There is a small window of time, right after a mother gives birth to a newborn, when she just might know the secrets of the universe. The aura of the experience of birth still clings to her like a perfume, heady and mysterious and powerful. She has gravel in her voice and a glassy look in her eye, but she speaks with the exhilaration of someone who just clawed their way to the top of the mountain, and still can’t believe the splendors and perils she saw there.
Speak to her later, and while she can tell you the details of her child’s birth, it isn’t remembered in the same visceral way. It’s akin to the runner who just finished a marathon, the guru who just completed a vision quest: Catch them in those crystalline hours immediately following the body and soul-swelling experience, and you will catch a candid glimpse of the magnitude of their journey. The more time that passes, the less the intensity of their crossing into that netherworld of physical and mental extremes is felt in the deep core of their being; their cells emit those little lightning-bolt aftershocks less and less; and eventually the experience is just a snapshot, a sepia-toned still life.
There are so few times in our lives when we are pushed to our physical and psychic limit. Even athletes hold something back – it’s self-preservation, and it’s written into our being that we must at all times keep at least one hand on the steering wheel. We’ve been taught to avoid pain at all cost, because pain is scary and uncomfortable and wrong. We can’t control it, and we like being in control.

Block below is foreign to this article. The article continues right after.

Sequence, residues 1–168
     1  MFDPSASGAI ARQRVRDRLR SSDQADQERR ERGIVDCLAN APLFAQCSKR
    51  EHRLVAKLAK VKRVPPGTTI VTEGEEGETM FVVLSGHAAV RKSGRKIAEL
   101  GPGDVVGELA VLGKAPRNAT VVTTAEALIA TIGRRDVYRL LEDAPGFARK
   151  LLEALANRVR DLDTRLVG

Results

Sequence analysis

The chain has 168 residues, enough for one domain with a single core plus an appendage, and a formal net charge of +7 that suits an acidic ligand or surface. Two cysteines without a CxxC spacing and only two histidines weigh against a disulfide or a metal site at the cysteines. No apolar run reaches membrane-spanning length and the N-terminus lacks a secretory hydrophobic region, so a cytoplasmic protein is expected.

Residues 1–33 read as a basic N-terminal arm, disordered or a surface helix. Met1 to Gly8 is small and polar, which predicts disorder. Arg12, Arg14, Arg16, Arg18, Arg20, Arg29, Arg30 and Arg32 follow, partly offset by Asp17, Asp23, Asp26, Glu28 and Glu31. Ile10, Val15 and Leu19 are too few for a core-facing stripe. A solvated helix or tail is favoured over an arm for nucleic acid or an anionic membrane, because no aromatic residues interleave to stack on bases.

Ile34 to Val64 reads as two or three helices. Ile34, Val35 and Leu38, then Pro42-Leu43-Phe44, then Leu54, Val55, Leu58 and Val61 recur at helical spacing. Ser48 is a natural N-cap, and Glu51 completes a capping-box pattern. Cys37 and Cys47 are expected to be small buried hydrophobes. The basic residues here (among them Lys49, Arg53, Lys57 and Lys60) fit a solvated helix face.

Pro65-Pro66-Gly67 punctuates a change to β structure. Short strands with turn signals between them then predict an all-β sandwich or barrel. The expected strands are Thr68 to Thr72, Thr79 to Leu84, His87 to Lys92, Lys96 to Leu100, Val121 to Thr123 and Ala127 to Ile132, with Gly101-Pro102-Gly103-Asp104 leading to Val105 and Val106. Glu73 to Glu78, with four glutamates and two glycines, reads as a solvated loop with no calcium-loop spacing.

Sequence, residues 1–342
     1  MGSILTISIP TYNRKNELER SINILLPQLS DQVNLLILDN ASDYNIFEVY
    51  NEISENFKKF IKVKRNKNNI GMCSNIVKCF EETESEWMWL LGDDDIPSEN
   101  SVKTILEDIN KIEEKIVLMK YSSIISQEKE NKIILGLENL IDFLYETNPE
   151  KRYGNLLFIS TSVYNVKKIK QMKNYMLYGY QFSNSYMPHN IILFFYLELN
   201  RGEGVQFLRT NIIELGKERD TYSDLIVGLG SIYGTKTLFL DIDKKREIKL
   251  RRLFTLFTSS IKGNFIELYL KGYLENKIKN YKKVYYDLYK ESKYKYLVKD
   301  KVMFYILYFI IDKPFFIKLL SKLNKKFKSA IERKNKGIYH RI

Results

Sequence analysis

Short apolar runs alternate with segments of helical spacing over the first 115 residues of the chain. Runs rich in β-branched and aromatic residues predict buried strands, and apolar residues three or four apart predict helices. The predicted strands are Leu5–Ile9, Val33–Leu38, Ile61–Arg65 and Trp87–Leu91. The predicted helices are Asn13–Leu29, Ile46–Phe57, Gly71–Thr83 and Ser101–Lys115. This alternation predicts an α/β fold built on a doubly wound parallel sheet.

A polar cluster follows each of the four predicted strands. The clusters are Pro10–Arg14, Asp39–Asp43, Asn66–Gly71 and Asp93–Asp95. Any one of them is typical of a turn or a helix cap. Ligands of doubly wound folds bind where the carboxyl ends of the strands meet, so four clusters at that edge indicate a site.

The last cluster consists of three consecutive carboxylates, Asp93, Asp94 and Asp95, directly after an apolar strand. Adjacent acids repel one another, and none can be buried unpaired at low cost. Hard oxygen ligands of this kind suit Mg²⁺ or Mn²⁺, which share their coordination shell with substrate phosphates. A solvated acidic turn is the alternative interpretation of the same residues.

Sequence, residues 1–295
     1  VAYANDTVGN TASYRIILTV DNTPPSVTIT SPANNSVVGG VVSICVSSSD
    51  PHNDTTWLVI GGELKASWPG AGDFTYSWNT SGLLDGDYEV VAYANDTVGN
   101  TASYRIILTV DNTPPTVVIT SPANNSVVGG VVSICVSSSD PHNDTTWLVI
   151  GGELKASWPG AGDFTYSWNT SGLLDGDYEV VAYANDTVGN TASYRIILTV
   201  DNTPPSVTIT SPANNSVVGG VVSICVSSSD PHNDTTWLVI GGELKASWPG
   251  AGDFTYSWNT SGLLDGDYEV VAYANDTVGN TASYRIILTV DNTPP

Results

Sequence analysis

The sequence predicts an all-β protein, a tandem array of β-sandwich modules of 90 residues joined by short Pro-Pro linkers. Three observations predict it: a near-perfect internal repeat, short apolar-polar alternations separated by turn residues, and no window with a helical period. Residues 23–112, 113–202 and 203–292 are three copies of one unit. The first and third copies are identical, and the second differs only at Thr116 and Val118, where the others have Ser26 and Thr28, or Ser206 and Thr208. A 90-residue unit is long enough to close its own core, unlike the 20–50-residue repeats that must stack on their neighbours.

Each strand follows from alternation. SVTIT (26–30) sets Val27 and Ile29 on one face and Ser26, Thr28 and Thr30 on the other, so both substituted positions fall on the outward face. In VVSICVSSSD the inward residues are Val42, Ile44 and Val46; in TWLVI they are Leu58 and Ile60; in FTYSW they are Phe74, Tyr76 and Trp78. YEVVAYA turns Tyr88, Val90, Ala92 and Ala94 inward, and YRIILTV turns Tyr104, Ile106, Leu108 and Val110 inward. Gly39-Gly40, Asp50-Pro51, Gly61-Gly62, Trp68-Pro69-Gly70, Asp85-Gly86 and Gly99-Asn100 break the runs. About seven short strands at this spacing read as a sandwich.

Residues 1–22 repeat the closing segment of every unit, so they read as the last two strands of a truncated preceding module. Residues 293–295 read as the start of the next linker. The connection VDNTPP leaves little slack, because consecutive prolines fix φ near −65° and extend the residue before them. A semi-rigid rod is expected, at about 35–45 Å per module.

And to give birth is to give up most of what we’ve ever known about control, at least in the conscious sense. And giving birth hurts like a bitch.
But if you speak to a woman who’s just had a baby naturally, without an epidural or other pain erasing intervention, it gives you a new perspective on pain and control. Birth is perhaps the singular experience in which pain is productive; the one time that it gets us somewhere we want to be – namely, cradling a new life in of our arms.
Studies of medical intervention rates for childbirth in the U.S. found that more than 60 percent of women giving birth use epidurals – in some places, the rate is as high as 90 percent. I have no problem with this, if I could be certain that the vast majority of women giving birth in the U.S. actually wanted pain control during their labors. But my inkling is that the majority of laboring women receive epidurals simply because that is the status quo. So many women receive pain-numbing drugs during labor because our contemporary medical structure has ditched other ways to ease a woman’s pain during labor, opting instead for the fast and easy – but not necessarily best – methods to assist women during labor.
Giving birth naturally is not masochistic, nor does a natural birth give a mother more bragging rights.
Epidurals are in nearly all cases a safe and effective means of pain control during labor. But they can also lead to longer labors, which in turn lead to more interventions like vacuum- and forceps-extractions, pitocin to speed up contractions, and ultimately overall higher rates of cesarean section. These are in most cases safe and effective interventions, but why put a mother and her newborn through them if they aren’t necessary?
Due to the medical institutionalization of birth in America, we’ve forgotten that birthing is a natural experience that, in most cases, can be safely undertaken without any medical intervention. Women have been delivering babies naturally since time immemorial: It is what our bodies were designed to do. Unfortunately, our medical system has built a methodology that favors artificial intervention over hands-on spiritual and physical care.
Birth is the singular experience in most women’s lives in which she is truly pushed to her limit. It’s amazing to reach that limit and emerge, glassy eyed and gravelly-voiced, wholly understanding the mysteries and wonders of the female body. Perhaps, if more of us had the opportunity to speak with more women who’ve just given birth naturally, we’d see that reaching that limit is so doable, and so very worth it.